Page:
"The Question of the Taj Mahal" (Itihas Patrika, vol 5, pp. 98-111, 1985) by P. S. Bhat and A. L. Athavale is a profound and thoroughly researched and well balanced paper on the Taj Mahal controversy. This paper goes well with the photographs listed below. It uncovers the reasons for the rumors and assumptions of why it is said that Shah Jahan built the Taj Mahal, and presents all the inconsistencies of why that theory doesn't hold up. It also covers such things as the descriptions found in the old Agra court papers on the Taj; descriptions and measurements of the building in the old records; Aurangzeb's letter of the much needed repairs even in 1632 which is unlikely for a new building; records that reveal Shah Jahan acquired marble but was it enough for really building the Taj or merely for inlay work and decorative coverings; the observations of European travelers at the time; the actual age of the Taj; how the architecture is definitely of Indian Hindu orientation and could very well have been designed as a Shiva temple; the issue of the arch and the dome; how the invader Timurlung (1398) took back thousands of prisoner craftsmen to build his capital at Samarkhand and where the dome could have been incorporated into Islamic architecture; how it was not Shah Jahan's religious tolerance that could have been a reason for Hindu elements in the design of the Taj; how the direction of the mosque does not point toward Mecca as most mosques do; the real purpose of the minarets at the Taj; the Hindu symbolism recognized in the Taj which would not have been allowed if it was truly Muslim built; and even as late as 1910 the Encyclopaedia Britannica included the statement by Fergusson that the building was previously a palace before becoming a tomb for Shah Jahan; and more. A most interesting paper.
"An Architect Looks at the Taj Mahal Legend" by Marvin Mills, is a great review of the information available on the Taj Mahal and raises some very interesting questions that make it obvious that the Taj could not have been built the way or during the time that history presents, which makes it more like a fable than accurate history. This suggests a construction date of 1359 AD, about 300 years before Shah Jahan.
The True Story of the Taj Mahal. This article by P. N. Oak (from Pune, India) provides an overview of his research and lists his 109 proofs of how the Taj Mahal was a pre-existing Hindu temple palace, built not by Shah Jahan but originally at least 500 years earlier in 1155 AD by Raja Paramardi Dev as a Vedic temple. Mr. P. N. Oak is another who has done much research into this topic, and such a study is hardly complete without considering his findings. The evidence he presents here is a most interesting read, whether you agree with it all or not, or care for some of the anger in his sentiment. Mr. Oak has presented his own conclusions in his books, most notably Taj Mahal--The True Story (ISBN: 0-9611614-4-2).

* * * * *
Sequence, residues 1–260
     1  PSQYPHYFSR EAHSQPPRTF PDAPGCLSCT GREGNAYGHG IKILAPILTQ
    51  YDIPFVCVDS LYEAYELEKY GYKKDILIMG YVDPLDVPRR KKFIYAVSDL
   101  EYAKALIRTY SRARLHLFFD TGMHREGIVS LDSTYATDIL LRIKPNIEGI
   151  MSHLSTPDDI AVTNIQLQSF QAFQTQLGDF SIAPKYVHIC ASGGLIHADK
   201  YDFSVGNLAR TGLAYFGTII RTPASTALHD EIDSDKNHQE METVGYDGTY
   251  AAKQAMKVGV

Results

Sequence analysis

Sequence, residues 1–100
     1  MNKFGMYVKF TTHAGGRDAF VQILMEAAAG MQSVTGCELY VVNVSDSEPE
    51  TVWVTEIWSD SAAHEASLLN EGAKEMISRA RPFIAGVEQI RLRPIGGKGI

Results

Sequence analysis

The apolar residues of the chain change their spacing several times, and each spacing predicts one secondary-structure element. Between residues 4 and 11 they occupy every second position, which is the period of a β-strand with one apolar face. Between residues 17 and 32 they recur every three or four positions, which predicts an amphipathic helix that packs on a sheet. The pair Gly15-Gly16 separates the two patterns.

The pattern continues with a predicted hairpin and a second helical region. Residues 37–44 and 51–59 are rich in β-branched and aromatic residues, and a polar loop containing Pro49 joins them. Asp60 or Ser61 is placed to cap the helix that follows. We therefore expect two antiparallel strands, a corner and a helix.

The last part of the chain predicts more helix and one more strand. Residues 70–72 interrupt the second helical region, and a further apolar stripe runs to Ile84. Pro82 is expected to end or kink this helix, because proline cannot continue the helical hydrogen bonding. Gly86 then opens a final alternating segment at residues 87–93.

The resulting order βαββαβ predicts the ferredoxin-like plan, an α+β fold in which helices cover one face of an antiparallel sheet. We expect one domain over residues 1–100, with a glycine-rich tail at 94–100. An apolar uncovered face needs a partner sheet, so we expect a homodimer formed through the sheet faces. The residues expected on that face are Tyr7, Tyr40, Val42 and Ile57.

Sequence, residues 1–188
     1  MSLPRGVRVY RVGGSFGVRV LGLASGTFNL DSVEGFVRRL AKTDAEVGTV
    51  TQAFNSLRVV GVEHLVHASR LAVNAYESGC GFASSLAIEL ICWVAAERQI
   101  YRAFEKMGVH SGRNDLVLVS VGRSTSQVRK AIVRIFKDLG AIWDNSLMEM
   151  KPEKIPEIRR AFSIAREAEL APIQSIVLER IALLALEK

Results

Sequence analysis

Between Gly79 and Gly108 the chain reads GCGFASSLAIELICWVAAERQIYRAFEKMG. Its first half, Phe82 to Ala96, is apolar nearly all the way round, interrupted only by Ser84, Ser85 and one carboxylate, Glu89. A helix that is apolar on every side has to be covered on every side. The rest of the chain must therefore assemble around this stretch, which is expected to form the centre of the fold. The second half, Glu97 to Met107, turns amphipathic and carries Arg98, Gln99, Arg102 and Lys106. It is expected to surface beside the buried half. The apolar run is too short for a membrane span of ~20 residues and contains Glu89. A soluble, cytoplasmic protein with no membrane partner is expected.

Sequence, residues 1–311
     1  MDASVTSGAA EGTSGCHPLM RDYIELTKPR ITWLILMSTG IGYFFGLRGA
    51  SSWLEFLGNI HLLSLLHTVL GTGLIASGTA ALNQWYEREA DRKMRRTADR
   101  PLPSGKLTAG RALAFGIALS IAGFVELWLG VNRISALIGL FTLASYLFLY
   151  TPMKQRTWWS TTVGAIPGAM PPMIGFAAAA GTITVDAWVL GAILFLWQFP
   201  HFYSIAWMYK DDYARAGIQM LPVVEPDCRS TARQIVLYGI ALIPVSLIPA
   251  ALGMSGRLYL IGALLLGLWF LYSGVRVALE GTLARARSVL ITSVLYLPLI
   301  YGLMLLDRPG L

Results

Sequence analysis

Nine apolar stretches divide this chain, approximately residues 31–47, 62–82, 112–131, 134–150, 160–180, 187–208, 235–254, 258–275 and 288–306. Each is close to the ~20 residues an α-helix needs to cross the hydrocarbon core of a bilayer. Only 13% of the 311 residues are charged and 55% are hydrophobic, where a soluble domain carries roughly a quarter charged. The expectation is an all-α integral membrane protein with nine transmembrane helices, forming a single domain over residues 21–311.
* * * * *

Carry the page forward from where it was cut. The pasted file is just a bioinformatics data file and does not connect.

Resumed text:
The Letter of Aurangzeb ordering repairs on the old Taj Mahal in the year just before it is said to have been completed.
The Badshahnama is the history written by the Emporer's own chronicler. This page shows how Aurangzeb had acquired the Taj from the prevous owner, Jai Singh, grandson of Raja Mansingh, after selcting this site for the burial of Queen Mumtaz.
This site http://www.bbc.co.uk/dna/h2g2/A5220 gives the BBC's view on the Taj Mahal and briefly explains both sides of the story, that maybe Shah Jahan built the Taj and maybe he didn't.
The following photographs are divided according to content and accessed through the links. Click on the photo number for access:
|Taj Mahal Photo #1||Aerial view of the Taj Mahal|
|Taj Mahal Photo #2||The interior water well|
|Taj Mahal Photo #3||Frontal view of the Taj Mahal and dome|
|Taj Mahal Photo #4||Close up of the dome with pinnacle|
|Taj Mahal Photo #5||Close up of the pinnacle|
|Taj Mahal Photo #6||Inlaid pinnacle pattern in courtyard|
|Taj Mahal Photo #7||Red lotus at apex of the entrance|
|Taj Mahal Photo #8||Rear view of the Taj & 22 apartments|
|Taj Mahal Photo #9||View of sealed doors & windows in back|
|Taj Mahal Photo #10||Typical Vedic style corridors|
|Taj Mahal Photo #11||The Music House--a contradiction|
|Taj Mahal Photo #12||A locked room on upper floor|
|Taj Mahal Photo #13||A marble apartment on ground floor|
|Taj Mahal Photo #14||The OM in the flowers on the walls|
|Taj Mahal Photo #15||Staircase that leads to the lower levels|
|Taj Mahal Photo #16||300 foot long corridor inside apartments|
|Taj Mahal Photo #17||One of the 22 rooms in the secret lower level|
|Taj Mahal Photo #18||Interior of one of the 22 secret rooms|
|Taj Mahal Photo #19||Interior of another of the locked rooms|
|Taj Mahal Photo #20||Vedic design on ceiling of a locked room|
|Taj Mahal Photo #21||Huge ventilator sealed shut with bricks|
|Taj Mahal Photo #22||Secret walled door that leads to other rooms|
|Taj Mahal Photo #23||Secret bricked door that hides more evidence|
|Taj Mahal Photo #24||Palace in Barhanpur where Mumtaz died|
|Taj Mahal Photo #25||Pavilion where Mumtaz is said to be buried|